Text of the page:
A couple of years ago I tracked our expenses for the year and was not happy with the total for home phone, tv, and internet (all bundled). I cut the tv back to basic service (when hubby came home from away he promptly added his sports package back) and took the internet down to the lowest level once my gaming son moved out. Now with the home phone gone it should be down to $120 a month.

            Thanks Mark for your reminder of this type of service and the savings it offers.

            1. Most welcome. Glad Ooma is off to a good start for you.

              (I got a laugh about sports package. It’s the ONLY reason we have cable still – so I can watch live sports. Otherwise, it would be long gone).

  5. Fongo sounds like a great choice.

    I think I’ve mentioned before here I have been using magicjack for nearly 6 years now.

    They offer customer support and all the features you mention above as well as free calls to the US/Puerto Rico/US Virgin islands, which works well for us with family in the US regularly. I recently added their FREE app for my cell phone which adds my magic “home line” # to my cell phone (wifi needed). This allows me to also make and accept FREE “home line” calls in Canada and US on cell. So far this works well. International calls to other magic customers are FREE and non magic customers are at relatively low rates.

    I’ll soon be renewing at the 5 yr @ $33/yr deal.

    Approx costs in CDN $

    Initial $92
    1st yr $52
    Next 5 yrs each $ $33 = approx $2.70/mth

      1. I can’t speak to a good comparison navr since I have never owned Magicjack but I can say the Fongo product was very good while I had it – hence the post.

        1. A great old post resurrected! I got the notification about a post, so might as well comment:

          My Ooma home phone has been fantastic, no complaints whatsoever. Four years now. I got a new number on purpose and it has almost completely curtailed spam phone calls. I only give out the number for medical people and family and for the odd trades that we are wanting quotes from. Sometimes it is 5 days or more between the phone ringing.
          Long distance in Canada is free and the rates for overseas and the USA are almost nothing, like 1-2 cents a minute. I remember when it cost $1 a minute (on the cheaper sunday rate) to call overseas.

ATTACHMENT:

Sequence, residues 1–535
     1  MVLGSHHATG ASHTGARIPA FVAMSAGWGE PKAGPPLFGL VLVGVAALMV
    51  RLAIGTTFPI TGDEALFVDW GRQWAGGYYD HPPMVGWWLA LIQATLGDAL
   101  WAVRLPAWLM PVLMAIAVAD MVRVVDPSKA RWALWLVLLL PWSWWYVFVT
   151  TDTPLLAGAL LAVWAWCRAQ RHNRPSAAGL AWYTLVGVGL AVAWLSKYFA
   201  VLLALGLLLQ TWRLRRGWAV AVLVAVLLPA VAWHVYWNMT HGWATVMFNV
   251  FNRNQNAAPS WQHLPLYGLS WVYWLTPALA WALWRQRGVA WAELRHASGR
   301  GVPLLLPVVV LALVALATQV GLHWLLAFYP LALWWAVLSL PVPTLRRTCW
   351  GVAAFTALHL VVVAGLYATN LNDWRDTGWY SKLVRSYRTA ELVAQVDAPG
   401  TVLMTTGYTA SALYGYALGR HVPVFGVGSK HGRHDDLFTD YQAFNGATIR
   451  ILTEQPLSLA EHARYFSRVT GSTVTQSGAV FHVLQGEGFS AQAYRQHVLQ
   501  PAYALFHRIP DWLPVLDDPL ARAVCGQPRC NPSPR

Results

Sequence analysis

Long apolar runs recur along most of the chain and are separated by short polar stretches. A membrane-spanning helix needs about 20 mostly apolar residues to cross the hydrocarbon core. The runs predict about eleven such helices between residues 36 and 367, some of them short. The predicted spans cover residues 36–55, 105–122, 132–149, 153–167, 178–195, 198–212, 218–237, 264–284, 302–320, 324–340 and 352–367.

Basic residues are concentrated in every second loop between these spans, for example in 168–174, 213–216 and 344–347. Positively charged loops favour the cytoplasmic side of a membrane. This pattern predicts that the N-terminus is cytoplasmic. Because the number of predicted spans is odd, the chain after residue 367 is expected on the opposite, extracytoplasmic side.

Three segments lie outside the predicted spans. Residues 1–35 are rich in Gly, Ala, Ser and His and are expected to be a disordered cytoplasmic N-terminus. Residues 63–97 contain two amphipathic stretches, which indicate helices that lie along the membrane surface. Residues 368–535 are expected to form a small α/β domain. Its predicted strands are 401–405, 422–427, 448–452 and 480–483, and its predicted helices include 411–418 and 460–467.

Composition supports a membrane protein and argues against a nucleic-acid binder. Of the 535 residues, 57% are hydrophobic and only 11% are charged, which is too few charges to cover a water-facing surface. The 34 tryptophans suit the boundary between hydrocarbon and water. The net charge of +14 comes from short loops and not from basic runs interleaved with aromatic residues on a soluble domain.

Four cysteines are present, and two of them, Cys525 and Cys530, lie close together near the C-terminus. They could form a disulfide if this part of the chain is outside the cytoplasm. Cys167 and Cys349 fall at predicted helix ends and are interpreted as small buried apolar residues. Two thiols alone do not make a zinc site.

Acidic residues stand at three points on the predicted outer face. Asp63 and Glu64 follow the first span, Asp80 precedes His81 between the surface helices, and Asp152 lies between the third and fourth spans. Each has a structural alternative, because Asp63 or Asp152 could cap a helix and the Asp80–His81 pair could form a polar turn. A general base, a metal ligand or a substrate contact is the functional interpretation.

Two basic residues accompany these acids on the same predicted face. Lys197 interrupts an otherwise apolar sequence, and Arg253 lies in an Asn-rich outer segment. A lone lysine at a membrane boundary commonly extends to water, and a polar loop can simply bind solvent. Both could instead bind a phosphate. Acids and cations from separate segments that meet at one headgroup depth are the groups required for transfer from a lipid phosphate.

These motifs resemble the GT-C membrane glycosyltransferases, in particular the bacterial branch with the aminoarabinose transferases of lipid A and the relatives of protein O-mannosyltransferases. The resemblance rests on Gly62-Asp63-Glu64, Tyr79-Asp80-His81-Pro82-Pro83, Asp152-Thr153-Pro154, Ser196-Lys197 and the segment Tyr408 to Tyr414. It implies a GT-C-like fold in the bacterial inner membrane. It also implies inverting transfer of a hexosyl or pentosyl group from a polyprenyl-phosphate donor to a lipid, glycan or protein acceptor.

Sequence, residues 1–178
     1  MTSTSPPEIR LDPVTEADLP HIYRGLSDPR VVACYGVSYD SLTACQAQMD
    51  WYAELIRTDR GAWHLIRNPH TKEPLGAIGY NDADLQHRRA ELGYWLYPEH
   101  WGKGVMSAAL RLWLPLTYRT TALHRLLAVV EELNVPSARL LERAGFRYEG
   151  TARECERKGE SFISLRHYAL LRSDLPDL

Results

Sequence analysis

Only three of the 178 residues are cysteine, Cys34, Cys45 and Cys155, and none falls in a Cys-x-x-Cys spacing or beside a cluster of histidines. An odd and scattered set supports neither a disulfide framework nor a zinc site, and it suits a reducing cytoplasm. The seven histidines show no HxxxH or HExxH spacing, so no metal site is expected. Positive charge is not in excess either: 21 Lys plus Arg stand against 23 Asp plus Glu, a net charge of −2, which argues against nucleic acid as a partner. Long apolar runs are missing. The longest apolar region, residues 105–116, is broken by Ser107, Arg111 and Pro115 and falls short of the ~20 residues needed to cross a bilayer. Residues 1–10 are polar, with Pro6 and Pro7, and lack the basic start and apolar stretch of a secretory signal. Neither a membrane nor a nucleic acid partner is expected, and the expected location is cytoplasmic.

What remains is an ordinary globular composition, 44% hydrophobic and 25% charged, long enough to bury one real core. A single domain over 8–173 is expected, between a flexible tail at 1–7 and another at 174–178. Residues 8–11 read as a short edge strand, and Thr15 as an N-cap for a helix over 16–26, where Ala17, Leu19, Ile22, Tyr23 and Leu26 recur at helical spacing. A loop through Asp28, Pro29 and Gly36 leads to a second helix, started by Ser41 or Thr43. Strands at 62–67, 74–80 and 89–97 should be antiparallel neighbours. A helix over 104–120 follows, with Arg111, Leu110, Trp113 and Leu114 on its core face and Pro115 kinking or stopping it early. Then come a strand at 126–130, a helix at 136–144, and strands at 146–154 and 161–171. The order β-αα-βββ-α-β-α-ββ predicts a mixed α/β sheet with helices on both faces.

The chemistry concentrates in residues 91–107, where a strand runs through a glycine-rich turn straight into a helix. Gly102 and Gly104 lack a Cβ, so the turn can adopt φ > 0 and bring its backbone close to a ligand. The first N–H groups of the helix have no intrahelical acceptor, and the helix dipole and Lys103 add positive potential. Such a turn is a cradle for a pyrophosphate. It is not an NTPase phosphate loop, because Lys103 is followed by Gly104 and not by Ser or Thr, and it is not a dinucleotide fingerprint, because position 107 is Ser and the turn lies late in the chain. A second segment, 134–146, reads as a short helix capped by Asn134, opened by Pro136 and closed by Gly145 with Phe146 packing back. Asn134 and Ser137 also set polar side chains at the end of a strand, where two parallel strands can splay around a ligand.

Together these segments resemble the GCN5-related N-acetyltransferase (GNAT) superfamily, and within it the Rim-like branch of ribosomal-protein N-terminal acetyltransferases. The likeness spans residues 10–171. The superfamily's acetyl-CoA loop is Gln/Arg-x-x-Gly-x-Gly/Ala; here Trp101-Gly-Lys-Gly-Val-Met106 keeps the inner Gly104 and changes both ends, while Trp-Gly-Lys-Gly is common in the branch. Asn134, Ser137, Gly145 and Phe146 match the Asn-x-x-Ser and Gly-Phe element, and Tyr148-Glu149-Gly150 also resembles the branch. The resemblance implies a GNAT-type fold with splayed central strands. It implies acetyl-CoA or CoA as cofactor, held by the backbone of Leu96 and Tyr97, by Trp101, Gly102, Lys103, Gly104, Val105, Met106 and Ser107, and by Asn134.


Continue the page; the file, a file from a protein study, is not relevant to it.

So I have been very pleased and last summer I cut the rest of Telus’s services (tv and internet). Haven’t missed them a bit–especially their screwing around with your contracted bill–you can stream most everything you want. Today my hubby bought one week access to a sports network (FA cup, his team won for the first time). We have Tek Savvy unlimited internet. They use Telus lines, but much cheaper.

          1. Great stuff. I’ve Ooma is good and if you’re doing overseas calls, etc. a good system. We just have our cell phones now for phones and that seems to be working well for us. No more home phone. We used to have Fongo for years for our single home security system but we left that house almost 2 years ago now.

            I need cable TV for my love of golf and other live sports. It’s a small luxury I’m still willing to pay for – for now!

  6. I cut the cord at the same time I stopped my phone service seven years ago and that was difficult. I’m with TekSavy as well and in order to make it cheaper I downgraded the plan one month with out telling my wife or the kids and received no complains. After a couple of months I didn’t again and nobody complained, my third attempt only lasted a couple of weeks as everything collapsed as the speed was not enough for our necesities and I had to roll back to a faster plan. At the end of the exercise I ended up saving 12 dollars a month 🙂

    1. TekSavvy is good. I might try them up internet renewal. I have a decent deal with Rogers though now and I like the fact if something is wrong with Rogers, they will fix the line for free. They have had to do so in our area now and them. TekSavvy cannot because it’s not their line.